Excerpted from http://www.booklocker.com/books/1541.html
by Angela Hoy
After a violent divorce from my first husband, I met and married a wonderful man and we relocated to the Northeast. Sadly, we couldn’t find any apartment complex or rental home that would allow dogs. Cats were fine, but nobody wanted dogs. So, we had to leave our dog, Baysha, with my mother in Texas. I was quite distraught about leaving her on the day we drove away in the moving truck with everything we owned and loved—except our beloved Baysha, who we had saved from the pound as a puppy eight years earlier. She was like another child to me, and I have still not gotten over the guilt of abandoning her like that.
Sure, she was well taken care of, spoiled, in fact, by my mother and the rest of my family. But I know she missed the children and us with an intensity that I will probably never understand. To this day, I still feel tremendous guilt over leaving her behind, and I’m crying again over my guilt and deep sadness as I write this.
I had a speaking engagement in Texas a few months after our move, so I was able to visit Baysha and my family. Baysha was so happy to see me! She jumped and barked and crawled in my lap and didn’t leave my side the entire time I was there. I think she thought I would be taking her home with me, back to the three children she’d loved and protected for almost their entire lives. But I couldn’t take her with me, and again, my heart was being ripped out, knowing I had to leave her there, once again. On the last day of my visit, Baysha knew I was leaving alone, that she had to stay behind. She whined and cried all day long. And once again, I did the wrong thing. I left her there, knowing my mother would care for her, but not knowing the extent of Baysha’s emotional pain nor the extent of the pain I would experience from my guilt for the next several years.
By the time we purchased a home, Baysha was too old and ill to make a trip by plane to our new home. She had lost her sight and developed a horrible skin condition that left her scratching continuously
One morning, our son, Zach, came in our bedroom looking very distraught. He said he’d dreamed that Baysha died. The dream was so realistic to him and he was so upset that we called my mom to check on Baysha. Mom said, “Well, honey, she is dead.”
My mother and step-dad had finally decided that Baysha was suffering too much from her skin condition to be forced to endure even one more day of physical torture. So they held her tight while the vet put Baysha to sleep. Mom had been trying to find a way to tell us that our beloved Baysha was dead, but she had not yet been able to do it.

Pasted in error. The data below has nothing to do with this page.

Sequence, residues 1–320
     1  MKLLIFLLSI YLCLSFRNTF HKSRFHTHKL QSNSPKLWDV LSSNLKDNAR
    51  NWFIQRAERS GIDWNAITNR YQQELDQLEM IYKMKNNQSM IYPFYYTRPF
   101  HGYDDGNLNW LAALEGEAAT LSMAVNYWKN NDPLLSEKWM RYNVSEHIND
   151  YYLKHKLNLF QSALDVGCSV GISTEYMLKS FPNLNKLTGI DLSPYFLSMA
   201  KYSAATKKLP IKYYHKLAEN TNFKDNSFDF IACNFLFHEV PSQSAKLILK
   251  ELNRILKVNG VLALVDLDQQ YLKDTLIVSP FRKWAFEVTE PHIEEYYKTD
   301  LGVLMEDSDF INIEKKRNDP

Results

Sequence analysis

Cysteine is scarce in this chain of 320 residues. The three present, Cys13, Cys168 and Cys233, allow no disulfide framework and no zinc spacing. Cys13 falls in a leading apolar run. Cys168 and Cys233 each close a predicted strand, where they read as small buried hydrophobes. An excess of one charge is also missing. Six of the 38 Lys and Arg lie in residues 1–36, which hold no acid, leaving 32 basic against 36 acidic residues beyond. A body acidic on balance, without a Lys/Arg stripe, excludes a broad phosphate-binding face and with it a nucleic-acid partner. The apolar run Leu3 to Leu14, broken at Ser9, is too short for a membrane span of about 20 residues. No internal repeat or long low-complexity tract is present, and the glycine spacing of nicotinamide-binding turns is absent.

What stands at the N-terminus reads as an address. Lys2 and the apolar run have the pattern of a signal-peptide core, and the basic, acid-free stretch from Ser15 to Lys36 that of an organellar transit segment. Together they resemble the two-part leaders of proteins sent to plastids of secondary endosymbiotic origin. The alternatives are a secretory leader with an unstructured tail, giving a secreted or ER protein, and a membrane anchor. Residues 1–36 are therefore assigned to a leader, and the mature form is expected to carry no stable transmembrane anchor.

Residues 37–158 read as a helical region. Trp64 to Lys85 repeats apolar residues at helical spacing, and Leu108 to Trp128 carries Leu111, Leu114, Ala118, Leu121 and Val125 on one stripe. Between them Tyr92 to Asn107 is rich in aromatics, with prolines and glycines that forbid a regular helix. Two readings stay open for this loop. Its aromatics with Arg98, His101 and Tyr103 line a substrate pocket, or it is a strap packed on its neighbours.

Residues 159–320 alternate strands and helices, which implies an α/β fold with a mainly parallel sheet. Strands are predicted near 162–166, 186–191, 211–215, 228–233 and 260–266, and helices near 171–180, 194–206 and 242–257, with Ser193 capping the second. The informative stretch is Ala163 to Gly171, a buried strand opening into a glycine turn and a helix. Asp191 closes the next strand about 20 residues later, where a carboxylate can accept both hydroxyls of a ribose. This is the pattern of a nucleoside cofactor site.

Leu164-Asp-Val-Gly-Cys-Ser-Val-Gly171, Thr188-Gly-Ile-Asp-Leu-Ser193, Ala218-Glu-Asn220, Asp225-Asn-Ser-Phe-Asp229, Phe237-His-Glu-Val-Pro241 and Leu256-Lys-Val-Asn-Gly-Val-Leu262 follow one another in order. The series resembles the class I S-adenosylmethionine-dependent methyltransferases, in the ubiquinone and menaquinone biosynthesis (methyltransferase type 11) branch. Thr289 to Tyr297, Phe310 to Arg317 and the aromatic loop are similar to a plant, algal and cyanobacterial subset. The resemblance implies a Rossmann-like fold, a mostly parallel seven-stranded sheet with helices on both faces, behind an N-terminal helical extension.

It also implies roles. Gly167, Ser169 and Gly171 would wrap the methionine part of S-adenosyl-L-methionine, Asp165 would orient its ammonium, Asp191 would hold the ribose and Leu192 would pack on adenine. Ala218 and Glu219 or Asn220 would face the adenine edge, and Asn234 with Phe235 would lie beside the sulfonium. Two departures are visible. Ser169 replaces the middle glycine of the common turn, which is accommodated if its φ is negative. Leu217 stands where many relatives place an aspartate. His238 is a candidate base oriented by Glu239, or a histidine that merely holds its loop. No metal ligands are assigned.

Oh, God, how we cried and grieved. I cried because I missed her and, again, from the guilt of abandoning her. To this day, I know that abandoning a member of our family, someone who was like a child to me, was and will probably always be the biggest mistake I ever make in my life. I should have smuggled her into the new apartment and just risked getting caught. Such a fool I was at that time; so intent on following the rules and doing the “right thing.” But sometimes the “right thing” is dead wrong when it involves someone you love.
One day, earlier this year, while attending a dinner party, our youngest son, Max (age 18 months at the time), choked on a tortilla chip. While he was trying to breath and I was trying to clear his airway, he started vomiting blood. Richard and I ran out the door, leaving the other children at the party, and raced to the emergency room, almost having an accident on the way. It was 20 degrees outside and we hadn’t even grabbed our jackets. The hospital was only five minutes away, and we knew it would be faster to get him to the hospital ourselves than to wait for an ambulance.
Thankfully, Max was fine. By the time we got to the hospital, he was breathing normally again. His airway was clear and they determined the tortilla chip had cut his tonsil, which is what caused all the blood. We returned to the dinner party, shaken, but relieved.
Later, as we were getting in our van to leave, I looked down and was absolutely stunned speechless when I saw Baysha standing next to me, looking up at the van door, waiting for her turn to hop in, just like she’d always done in Texas. I pointed and moved my mouth open and closed a few times before the words finally came out. I said, “Baysha is here! Baysha! It’s Baysha!” By the time I finished, she was no longer visible and I, nor Richard or the children, could see her anymore. But, I knew she was there. I even said, “Come on, Baysha! Up!” when I crawled in the van, so she would know I had seen her.
Nobody questioned me, and the children seemed thrilled that Baysha had dropped by for a visit. I can’t adequately describe the comfort her visit brought to me. First, I knew Baysha had shown herself to me to let me know she’d been there with us on a night when I thought my baby was going to choke to death. Second, she’s not mad at me for abandoning her for the last year of her life (though I still live with the guilt).
Baysha showed up another time, shortly thereafter, in our upstairs hallway, and confirmed my suspicions that she is, indeed, dropping in for visits, still loving us, and still protecting us.